Entrepreneurship and innovation are key drivers of economic growth in a country. Entrepreneurs create new businesses that provide solutions for unmet needs and innovation fuels the creation of newer and more efficient solutions, technologies and products. Innovation coupled with entrepreneurship creates jobs, increases productivity and strengthens market dynamics thereby fostering economic growth. Entrepreneurship in the field of Life Sciences is blooming in India, or rather surging and it seems the weather has slowly become conducive to attempt and build some exciting innovations.
Ecosystem is shaping up to Support Deep-Science Innovations
Translation of scientific discoveries into products/applications requires a conducive ecosystem, where different stakeholders play a vital role in supporting young entrepreneurs (and start-ups). These stakeholders include but are not limited to: a) Funding Support, b) Academic Institutions/Clusters and c) Translation/Innovation Hubs.
A) Changing face of Early Funding Support for Entrepreneurship
Early stage support for exciting, risky ideas is crucial to foster entrepreneurship. It is a delight to see that over last 4 – 5 years, there have been many opportunities to support early-stage ideas in life sciences.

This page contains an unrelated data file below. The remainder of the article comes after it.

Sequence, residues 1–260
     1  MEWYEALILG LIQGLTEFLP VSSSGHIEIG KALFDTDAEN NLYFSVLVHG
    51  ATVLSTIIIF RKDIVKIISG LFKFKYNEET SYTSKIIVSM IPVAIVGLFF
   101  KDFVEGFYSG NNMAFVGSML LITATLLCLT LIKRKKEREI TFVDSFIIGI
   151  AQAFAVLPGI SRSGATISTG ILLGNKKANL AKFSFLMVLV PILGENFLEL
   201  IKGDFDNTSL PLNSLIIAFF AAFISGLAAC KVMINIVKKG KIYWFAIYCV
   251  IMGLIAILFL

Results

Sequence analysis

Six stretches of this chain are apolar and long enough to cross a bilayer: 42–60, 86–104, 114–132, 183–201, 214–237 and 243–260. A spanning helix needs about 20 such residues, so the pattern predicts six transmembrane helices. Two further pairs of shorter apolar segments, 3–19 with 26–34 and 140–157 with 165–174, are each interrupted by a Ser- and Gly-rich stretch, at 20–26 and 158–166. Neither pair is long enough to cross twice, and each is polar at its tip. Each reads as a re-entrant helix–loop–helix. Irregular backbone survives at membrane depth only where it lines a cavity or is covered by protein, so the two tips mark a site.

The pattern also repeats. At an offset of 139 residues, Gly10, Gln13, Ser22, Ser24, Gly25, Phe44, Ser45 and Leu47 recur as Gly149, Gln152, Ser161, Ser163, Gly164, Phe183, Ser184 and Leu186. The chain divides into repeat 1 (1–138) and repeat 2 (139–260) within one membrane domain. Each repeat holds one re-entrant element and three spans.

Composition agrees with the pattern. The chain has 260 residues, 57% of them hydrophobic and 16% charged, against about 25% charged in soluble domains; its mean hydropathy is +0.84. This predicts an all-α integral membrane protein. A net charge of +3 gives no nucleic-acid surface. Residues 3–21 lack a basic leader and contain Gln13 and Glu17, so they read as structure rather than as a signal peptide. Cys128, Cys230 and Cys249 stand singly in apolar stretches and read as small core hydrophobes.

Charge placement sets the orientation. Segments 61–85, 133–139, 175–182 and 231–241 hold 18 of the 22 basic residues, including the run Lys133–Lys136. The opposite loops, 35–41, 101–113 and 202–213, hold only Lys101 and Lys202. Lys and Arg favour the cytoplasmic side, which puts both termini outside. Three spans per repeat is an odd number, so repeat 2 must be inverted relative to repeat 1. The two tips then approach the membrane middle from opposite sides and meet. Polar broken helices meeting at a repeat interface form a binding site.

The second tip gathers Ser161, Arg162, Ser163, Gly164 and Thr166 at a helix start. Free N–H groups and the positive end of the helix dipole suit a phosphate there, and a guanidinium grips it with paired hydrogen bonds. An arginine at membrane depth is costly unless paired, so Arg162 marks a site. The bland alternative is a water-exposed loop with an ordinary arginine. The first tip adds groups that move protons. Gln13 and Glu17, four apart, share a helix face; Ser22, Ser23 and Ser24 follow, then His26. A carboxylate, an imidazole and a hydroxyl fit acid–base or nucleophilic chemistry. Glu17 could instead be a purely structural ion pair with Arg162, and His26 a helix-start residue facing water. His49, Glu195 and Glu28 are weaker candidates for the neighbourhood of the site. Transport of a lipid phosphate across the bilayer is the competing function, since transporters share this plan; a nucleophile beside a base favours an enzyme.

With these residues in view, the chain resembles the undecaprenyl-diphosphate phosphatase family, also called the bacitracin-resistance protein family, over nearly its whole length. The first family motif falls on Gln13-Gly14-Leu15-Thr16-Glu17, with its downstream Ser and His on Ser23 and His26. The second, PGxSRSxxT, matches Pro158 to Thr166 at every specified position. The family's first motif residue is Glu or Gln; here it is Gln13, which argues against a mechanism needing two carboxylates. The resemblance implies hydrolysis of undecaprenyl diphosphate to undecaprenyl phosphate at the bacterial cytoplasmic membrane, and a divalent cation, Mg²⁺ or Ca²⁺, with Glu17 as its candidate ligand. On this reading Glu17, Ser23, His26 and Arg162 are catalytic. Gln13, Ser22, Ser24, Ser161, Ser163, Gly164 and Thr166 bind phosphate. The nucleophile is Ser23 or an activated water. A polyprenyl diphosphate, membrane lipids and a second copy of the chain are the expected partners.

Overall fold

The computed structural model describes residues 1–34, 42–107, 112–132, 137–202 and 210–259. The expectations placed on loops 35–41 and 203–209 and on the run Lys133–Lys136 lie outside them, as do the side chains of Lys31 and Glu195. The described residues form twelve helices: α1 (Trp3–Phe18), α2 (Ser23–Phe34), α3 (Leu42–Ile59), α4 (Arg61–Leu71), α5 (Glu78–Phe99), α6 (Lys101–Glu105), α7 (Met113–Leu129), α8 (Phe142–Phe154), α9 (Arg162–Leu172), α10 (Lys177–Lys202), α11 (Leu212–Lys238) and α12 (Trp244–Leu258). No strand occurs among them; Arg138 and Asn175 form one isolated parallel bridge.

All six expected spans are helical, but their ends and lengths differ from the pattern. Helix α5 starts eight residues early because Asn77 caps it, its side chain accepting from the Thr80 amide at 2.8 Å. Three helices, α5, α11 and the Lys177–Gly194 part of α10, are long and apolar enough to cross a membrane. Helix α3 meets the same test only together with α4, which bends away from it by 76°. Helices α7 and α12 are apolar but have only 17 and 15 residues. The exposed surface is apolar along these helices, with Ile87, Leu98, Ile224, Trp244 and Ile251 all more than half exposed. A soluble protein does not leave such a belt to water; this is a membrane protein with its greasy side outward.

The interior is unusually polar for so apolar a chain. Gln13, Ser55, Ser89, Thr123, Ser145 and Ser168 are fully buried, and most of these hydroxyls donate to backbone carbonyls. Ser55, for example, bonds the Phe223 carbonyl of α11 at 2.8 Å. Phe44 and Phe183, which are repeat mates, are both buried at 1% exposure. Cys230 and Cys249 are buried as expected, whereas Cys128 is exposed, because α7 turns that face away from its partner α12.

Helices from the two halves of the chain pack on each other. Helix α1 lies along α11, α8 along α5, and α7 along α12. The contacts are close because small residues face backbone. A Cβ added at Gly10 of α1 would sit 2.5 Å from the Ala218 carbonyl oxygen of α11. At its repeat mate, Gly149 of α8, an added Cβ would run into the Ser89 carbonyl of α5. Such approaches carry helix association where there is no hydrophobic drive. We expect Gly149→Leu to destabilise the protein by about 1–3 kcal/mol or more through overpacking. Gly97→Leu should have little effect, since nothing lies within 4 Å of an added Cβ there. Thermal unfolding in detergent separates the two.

Dept. of Biotechnology, Govt. of India set up BIRAC (Biotechnology Industry Research Assistance Council), which has ignited a high number life science entrepreneurs and supported many start-ups for product development through its schemes like Biotechnology Ignition Grant (up to 50 lakhs), Biotechnology Industry Partnership Programme, Small Business Industry Research Initiative etc. Dept. of Science and Technology, Govt. of India, also has many successful initiatives to support early and late stage entrepreneurs and start-ups. In last 4 years, nearly 250 deep science-based ideas have been supported through early-stage funding schemes like BIRAC.